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The crash— long foreseen and inevitable — has come at length, ,but the final crisis was marked by a suddeness and intensity never befor6 witnessed in similar^ catastrophes. For months past I have>apprised my Australian readers of the utter unsouridness of our monetary position. The host of finance and credit companies wliich had sprung up during the- past two years had so stimulated the speculative propensities, of the<publiG, that fictitious or "hazaardous securities, to the extent of millions sterling, had been manufactured and forced upon the market. The collapse of most of v these ambitious ancl reckless organisations, it was evident to all thoughtful men, was only a question of time. . It was impossible for them all to prosfier and perform their extravagant promises to their dupes. IJabh month's mail, accordingly, for some time past, has informed you of the disastrous failure of some and the hopeless '.embarrassments of others. As was natural, deep distrust took the place of -the previous credulous confidence.; every concern, sound and unsound alike, fell under suspicion; shares and securities, of all 'kinds sunk in ' market value from day to day, and were parted with at serious sacrifices by alarmed ; deposits were drawn out, hosts of discount, and credit companies surmised to be shaky; and thus every preparation had been . gradually made for the panic which swept like a storni through the city and the provinces, a fortnight since. The sign and signal of the crisis was the stoppage' of Overend, Gurney, a.nd Co.. (Limited), wliich took place on Thursday, the 10th instant, The announcement ; of this calamity spread the wildest conster;nation in all directions. Owing to the historical reputation: of the firm, an almost boundless 'confidence was reposed in the solidity and wealth of "its resources, and h'enge the. closing of .their,, doors

seemed to be the herald of a. -universal financial chaos. Both London and country banks have been accustomed to lodge large deposits with Overend, Gurney and Co. ; and it appears to have been the sudden -withdrawal of these deposits which' immediately led to the suspension. Their shares had for some time, been falling lower and lower on the. stock market. When the pressure became alarming, they applied to the Bank of England for assistance ; but prospects being so serious, the v directors deemed it imprudent to afford anyjaid, since other establishments would be sure to prefer similar appeals. Under' these circumstances, there was no alternative but to suspend payment. . The news spread like wildfire through' town and country, and the morrow was looked foiv ward to with harrowing suspense and "dread. The gravity of this event may be imagined from the fact that the direct liabilities of this great establishment, irrespective of a largo' amount of bills underdiscount, represent no' less a sum than about ■L 12,.000,000. Of this vast amount six millions belong to depositors who hold bills as security, while three lions ami a half belong to uncovered depositors. The nominal capital of the Limited Company is L 5,000,000, of which only Ll,500;000'is paid up. At the time of the tranfer, L 500,000 was paid to the old -firm for the goodwill, .which of course is irretrievably lost. In the investigations •which will speedily take place into the company's' aft'airs some startling facts wiH probably: transpire in- reference to its recent antecedents. Well-informed persons have long been awar.e that the fame of Overend, Cxirney, and Co., of late years, has not been justified by facts. Previous to the manufacture of the company the old firm had, by reckless mismanagement,: reduced a once prosperous business to one of the most losing concerns in 'England. Their losses did not fall far short of two millions, .and it was at the time generally understood that ths formation of the conu. pany was mainly with a a- iew to rehabilitate the "faded forUmes of the partners, and enable them to retire, from the concern.. It was mentioned the other- day, as .a matter of gratulation, that' Mr Gurney will suffer no loss, as he seceded from 'the concern on the inauguration of the company. A few months ago, the company sustained some rather serious losses through the frauds of Pinto, Perez, and j Co. ; but in" spite of this drawback, the managers believe that a month ago they.. held sufficient profits to justify their paying a dividend. Messrs Gurney's Bank at Norwich will not be affected by this failure. "black fbiday." For generations to come will the 11th of May, 1366, stands out in gloomy prominence in the chronicles of English tiancial history. The day has acquired, what it will ever retain, the bad epithet of " Black Friday." It was the day of disaster, loss, or ruin to thousands. A wild, insane, unreasoning panic was anticipated, and the reality did not fall short of the dread expectation. A "run" on banks, discount housesj and finance companies was inevitable ; and most of the establishments wisely opened their doors before the usual hour, and kept them open longer than customary. One of the first announcements was that the Bank of England — which, on- the 3rd inst., raised its rato from 0 to 7 per cent.',- and on the Bth from 7 to 8 per cent. — had carried its minimum still higher to 9, and the charges for special advances- to 10 per cent. The pressure even : at these terms was enormous ; it was only on unexceptional bills that accommodation could be obtained, and even Government securities were in many instances refused. During that day of appalling excitement ' and terror, the Bank reduced ita reserve— tho only national foundation of credit and confidence — from seven to three millions. Another such day, and a universal suspension of cash payments throughout England was inevitable. Meanwhile, additional disasters - were hourly announced, wliich fomented and aggravated the public And not keeping to facts — which were bad arid plentiful enough — rumor Avas busy with the highest names- and staunchest reputations. EacK person imbibed and exaggerated the suspicions of his neighbors, and swelled the torrent of excitement. Happily, during the afternoon a report, which proved to be premature, gained currency, to the effect that the Government had authorised the Bank directors to issue notes to the extent of five millions beyond the limit- imposed by the Bank Charter Act. Though the statement was unwarranted it served to check the headlong fury ofthe panic, which at one time threatened to sweep away every vestige of confidence, and gavfe reason an opportunity to resume its sway. About ten o'clock the English Joint Stock Bank closed its doors; Mr W. Shrimpton, a railway contactor, with liabilities' for L 200,000, announced his failure ; the drafts of the Consolidated Discount Company were returned unpaid' in the afternoon ; two faihires.ori the S,tock Exchange Av'ere reported. But the crowning disaster of the> day was the stoppage of Messrs Petp and Betts,- •• with liabilities amounting to about 14,000,000. .'This 'created a great sensation, both of 'surprise and reepet. . s The assets of the firm are estimated, even at greatly depreciated prices, to be nearly L 5,000,000; and as all the works, for whicli they are under contract .abroad are in a very forward state,- while those with. . which they are cohnacted in England have been undertaken jointly with other powerful contractors, who are in a position to insure their steady^ completion^ it is believed all chums will shortly be adjusted. Everybody will rejoice in' the reinstatement of Sir Morton Peto. The securities held by the firm are excellent, bjit temporarily unavailable, owing to the pressure j of the times. . ' j -The English Joint Stock Bank, referred j to above, was established in March, 1864, to take over the business of a number of small banks in the south of England. Their liabilities are about LBOO,OOO and it is thought that flieir .assets will yield enough to cover that" amount, , - There are - thirty-one branch establishments, most, if not all, of wliich have suspended payment, so that the effects of this crisis are felt- fax and wife. The Consolidated Di3cout Company was established in Jan., 1864, to take over the business of Messrs Sandeman and Co. The.nominal capital 'isXl,ooo,ooo. - ' EXCITEMENT IN THE CITY. All accounts concur in representing that the scene witnessed 3 in the city on the 11th as without parallel in the memory of men. .The riioiietary crises of 1847 and 1857 came- on and passed away 'more gradually. The anxiety and alarm were morWdrflused. There was not the sharp paroxyisniT'-the sudden terror wliich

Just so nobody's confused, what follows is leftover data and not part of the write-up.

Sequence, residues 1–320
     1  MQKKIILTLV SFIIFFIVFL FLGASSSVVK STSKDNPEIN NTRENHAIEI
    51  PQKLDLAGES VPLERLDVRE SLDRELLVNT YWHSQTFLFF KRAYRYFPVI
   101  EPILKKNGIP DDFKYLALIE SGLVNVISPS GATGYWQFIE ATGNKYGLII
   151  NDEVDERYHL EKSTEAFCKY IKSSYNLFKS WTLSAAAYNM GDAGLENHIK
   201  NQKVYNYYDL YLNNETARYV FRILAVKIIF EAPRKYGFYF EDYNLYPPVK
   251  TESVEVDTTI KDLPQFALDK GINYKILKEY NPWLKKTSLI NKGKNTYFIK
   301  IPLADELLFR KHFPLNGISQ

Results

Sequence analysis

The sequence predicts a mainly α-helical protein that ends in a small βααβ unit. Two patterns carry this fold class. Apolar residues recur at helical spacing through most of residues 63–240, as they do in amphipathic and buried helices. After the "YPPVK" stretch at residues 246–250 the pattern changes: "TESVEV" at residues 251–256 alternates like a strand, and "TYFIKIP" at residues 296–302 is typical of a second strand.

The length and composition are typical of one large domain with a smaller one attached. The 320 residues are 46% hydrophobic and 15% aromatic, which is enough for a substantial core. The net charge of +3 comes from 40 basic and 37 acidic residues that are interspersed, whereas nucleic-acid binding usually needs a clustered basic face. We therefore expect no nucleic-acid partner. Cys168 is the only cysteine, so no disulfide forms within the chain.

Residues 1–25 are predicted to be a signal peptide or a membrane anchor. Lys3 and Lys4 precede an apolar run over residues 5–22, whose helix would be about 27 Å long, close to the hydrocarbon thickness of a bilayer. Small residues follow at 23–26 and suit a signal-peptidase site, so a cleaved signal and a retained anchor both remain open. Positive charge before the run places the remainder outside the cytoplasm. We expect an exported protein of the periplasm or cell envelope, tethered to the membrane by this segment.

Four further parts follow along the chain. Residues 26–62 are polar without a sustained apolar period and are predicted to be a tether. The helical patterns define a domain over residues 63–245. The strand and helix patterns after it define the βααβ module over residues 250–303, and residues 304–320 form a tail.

distinguished the present panic. Lombard street, Birchin-lane, and • other * thoroughfares ;in the monetary centres^, "were in a state of complete congestion;* Many among the excited crowds had, no s doubt, been drawn thither by curiosity ; but not a few were, frightened depositors struggling to secure their cash before the "bank -door should be slammed in their faces, and other 3 were persons who had .rushed up froni the country on the first tidings gi tho calamity. Several persons,, after-xli'awing'out their hoards from the banks, wandered about without knowing how to dispose of' them, and were ultimately relieved of all responsibility- by the deft fmgers_,.or pickpockets. Thc~ telegraph offices wore crowded all day to an unprecedented extent for the despatch of messages. So dense were the throngs "of persons at- the doors .of .the banks, that $ie police, though reinforced for tho soccasion, found it difficult to restrain tho impatient mass of -people Avho were crowding into those already establishments. The premises of Overend, Gurney and Co., at the corner, were an especial object of, curiosity, while the perspective of Lombard street was resolved into* a moving mass of black coats and hats. Instead of shouting and chaffing, as in an ordinary English mob, there was a -most -ominous and painful silence, the only sound distinctly recognisable being, the imperative order of the policeman, to prevent a complete blockade, "Now, gentlemen, move on, if you please." There were certain spots where the crowd had a tendency to gather into an impenetrable knot. A portion sought to enter a bank, a portion were desirous to get out, and the" greater proportion were lookers-on who strove to procure a good position to watch what was going forward. There was an intense gozing at the doorway, as if they expected every minute to see the huge dooi'S slammed in the face of the panting ntultitnde. Happily, they were not to be gratified by any such sensational .incident; but it really, was exciting, by reason of a sort .'of sympathy, to witness the wild aim feverish haste with which folks -were pushing into establishments whose credit had never been questioned, even in whispers. As a rule, the banks and discount companies met the run upon them -with the uftnost promptitude. Scarcely «an establishment escaped the general attack, but some suffered more than others.' Several of the private, as 'well as the joint-stock Jjanks, had-balances withdrawn, but the arrangements made . were so admirable that no difficulty was experienced in meeting all . demands. What the condition of the banks would have been at the close of the second day's "¥un," "it is fearful to contemplate. By what has., since transpired, some of the best of them were near the end of their available resoxirces! Tho "Times;'.', writing a few days later, remarks :— "Now that the panic is over, we approach the facts of the case ; and if they are no longer alarming, they are mos"t extraordinary — passing, we should think, the largest anticipation's of the -alarmist. We abstain from names and particulars, but the disclosures made to the" Bank of England and the Chancellor of the Exchequer on Friday, . simply show ■ that even oiir largest banks — those in the best repute and with the largest busincss-^---have been going. on, -no one- can say' how long, upon the supposition that there never could be a run upon them, that they might hold any amount of deposits with only a very small proportion of reserve to meet them in the time of need, .and that they simply relied on the aid to be obtained from the Bank, if necessary, by a suspension of the Act." It is estimated 'by tho " Times" that, talcing into account the depreciation that has" simultaneously occurred in the English funds, railway stocks, foreign securities, &c, the loss in .the market value of the property held by oiir various investors since Jamiary 1, is not less than 130 millions sterling — to say nothing of the sacrifices on cotton, cotton goods, iron, and other articles.